Well, you're getting ideas from all over the map, literally! How typical of the Internet, eh?
In any case, after watching your video clip again, I stand by my suggestion that your boots are too upright. No single indicators are ever sufficient in themselves, and all "rules of thumb" can be broken, but if you look closely, you will see that your back and spine are almost always tipped forward more--often significantly more--than your shins. It is true in all phases of your turns, and increases (as it should) as you flex more deeply. I realize that you have described your intent as "trying to keep my ankle extended - on the gas pedel feeling the back of my boot. I'm rounding my back more than usual with arms further forward to try and keep in balance fore-aft,"
so you could be creating these positions with your movements. But it is quite consistent, and remains even on the occasions when you were actually pressing forward on your boot tongues, so I am still suspicious of your fore-aft boot setup.
If you look at the following diagram, you will see that you resemble the skier in row B, in yellow:
In the first column, all three skiers are balanced over the same spot underfoot, but the "B" and "C" skiers must contort their upper bodies somewhat to compensate for too upright (B) and too forward (C) boots. No big deal, in some ways--they're all balanced, after all. The real problem arises when they flex deeply, which causes "B" to lose balance aft--or extend tall, which causes "C" to lose balance forward.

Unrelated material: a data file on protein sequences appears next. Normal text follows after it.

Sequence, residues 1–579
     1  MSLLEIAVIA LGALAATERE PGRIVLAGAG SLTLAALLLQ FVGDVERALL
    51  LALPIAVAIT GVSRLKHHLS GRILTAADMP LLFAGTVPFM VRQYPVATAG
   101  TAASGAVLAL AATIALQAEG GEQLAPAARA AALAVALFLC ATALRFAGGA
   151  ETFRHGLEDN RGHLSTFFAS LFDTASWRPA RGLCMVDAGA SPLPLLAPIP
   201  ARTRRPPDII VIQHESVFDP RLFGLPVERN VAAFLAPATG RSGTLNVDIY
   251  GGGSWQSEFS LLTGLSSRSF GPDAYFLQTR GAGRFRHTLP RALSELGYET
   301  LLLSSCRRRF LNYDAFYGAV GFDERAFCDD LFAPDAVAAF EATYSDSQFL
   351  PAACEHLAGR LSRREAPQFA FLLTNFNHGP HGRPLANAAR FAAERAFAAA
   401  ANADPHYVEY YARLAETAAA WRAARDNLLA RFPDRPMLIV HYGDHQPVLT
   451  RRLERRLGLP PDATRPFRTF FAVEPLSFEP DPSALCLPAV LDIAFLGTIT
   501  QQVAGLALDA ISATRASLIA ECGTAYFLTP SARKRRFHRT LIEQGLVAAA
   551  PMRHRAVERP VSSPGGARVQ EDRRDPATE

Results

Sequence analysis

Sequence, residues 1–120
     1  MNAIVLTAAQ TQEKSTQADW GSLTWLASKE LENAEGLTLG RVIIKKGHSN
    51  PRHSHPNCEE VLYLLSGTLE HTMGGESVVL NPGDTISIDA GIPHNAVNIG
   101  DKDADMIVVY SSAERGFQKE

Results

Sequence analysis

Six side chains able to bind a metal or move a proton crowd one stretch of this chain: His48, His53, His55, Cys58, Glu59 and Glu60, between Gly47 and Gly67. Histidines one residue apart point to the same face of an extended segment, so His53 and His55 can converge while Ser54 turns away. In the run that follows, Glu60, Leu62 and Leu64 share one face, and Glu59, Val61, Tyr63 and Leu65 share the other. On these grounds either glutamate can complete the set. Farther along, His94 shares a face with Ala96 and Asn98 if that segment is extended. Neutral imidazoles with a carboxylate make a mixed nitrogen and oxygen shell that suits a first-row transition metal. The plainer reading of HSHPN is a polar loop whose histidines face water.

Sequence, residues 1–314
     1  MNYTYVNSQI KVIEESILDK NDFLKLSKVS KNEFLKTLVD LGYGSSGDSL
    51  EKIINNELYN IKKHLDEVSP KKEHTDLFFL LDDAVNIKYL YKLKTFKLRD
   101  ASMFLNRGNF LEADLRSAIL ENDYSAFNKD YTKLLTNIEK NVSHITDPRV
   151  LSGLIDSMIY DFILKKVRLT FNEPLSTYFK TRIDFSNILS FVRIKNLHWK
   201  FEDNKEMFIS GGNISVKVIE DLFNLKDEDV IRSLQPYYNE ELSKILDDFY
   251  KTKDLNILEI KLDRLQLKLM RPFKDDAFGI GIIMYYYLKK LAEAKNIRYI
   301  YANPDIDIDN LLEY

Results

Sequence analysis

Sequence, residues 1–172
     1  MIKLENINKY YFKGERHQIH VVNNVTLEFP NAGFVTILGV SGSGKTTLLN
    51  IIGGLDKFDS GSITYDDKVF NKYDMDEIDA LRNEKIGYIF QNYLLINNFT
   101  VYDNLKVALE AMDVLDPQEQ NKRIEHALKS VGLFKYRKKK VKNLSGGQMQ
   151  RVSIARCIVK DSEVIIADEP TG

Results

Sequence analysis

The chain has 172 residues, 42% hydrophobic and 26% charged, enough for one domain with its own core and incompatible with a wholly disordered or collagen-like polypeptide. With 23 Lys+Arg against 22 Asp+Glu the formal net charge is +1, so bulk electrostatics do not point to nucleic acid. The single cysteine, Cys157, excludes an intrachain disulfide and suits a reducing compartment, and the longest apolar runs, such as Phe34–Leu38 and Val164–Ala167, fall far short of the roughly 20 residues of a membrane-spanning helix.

Of course, these problems become more severe the snugger and stiffer the boot. With softer or looser-fitting boots, shin angle at any moment is more a function of your movements than of boot setup.
If your boots are, in fact, too upright, solutions include tipping the cuffs more forward or placing shims on the calf sections of the inner boots (which you can experiment with by stuffing in a trail map or two, as I suggested above). Because these changes increase the flexion (dorsiflexion) of your ankle, they may not be the best solution, depending on your range of dorsiflexion. For what it's worth, lowering the ramp angle inside your boot, as some have suggested, would worsen this problem (if it is a problem) by further increasing your ankle flexion. But if you have sufficient range of motion, shimming the cuff or increasing its forward lean might be the ideal fix.
Another solution--and the preferred one if your boots are set up properly internally--would be to increase the "delta angle" of your boot--in other words, tipping your entire boot forward by lifting the heel of the boot. This can involve lifter plates under the heels (the opposite of the "gas pedal" lifts under the toe of the boot), or lifts under the heel pieces of your bindings (if possible). Binding choice itself can be a factor here, as some bindings have greater delta angles built in than others.
Internal ramp angle alone does not directly affect the angle of your shins, but it can contribute in some ways. If you have large or low calf muscles, lowering the ramp angle--which lowers your leg in the boot--will place that calf muscle lower in the boot cuff, where it effectively acts like the shims or trail maps I've suggested above (and can add problems, again, if you have a limited range of dorsiflexion). If your dorsiflexion is severely limited, lowering the ramp angle can have the opposite effect--making your shins more upright simply because your ankles cannot flex forward sufficiently anymore. In extreme cases, you might not even be able to get your heel all the way to the bottom of your boot.
Anyway, I'll repeat that boot fitting is a complex science, as well as a black art. Our boot specialists here at EpicSki have far more experience and expertise in dealing with the intricacies of boots than I have, so again, I encourage you to raise the question in the Boot Fitter forum.
If the posture I've described is truly the result of your intentional efforts to press back on your boot cuffs, then I'll just suggest that you continue to experiment with your technique and your fore-aft balancing movements. But I'm not seeing it....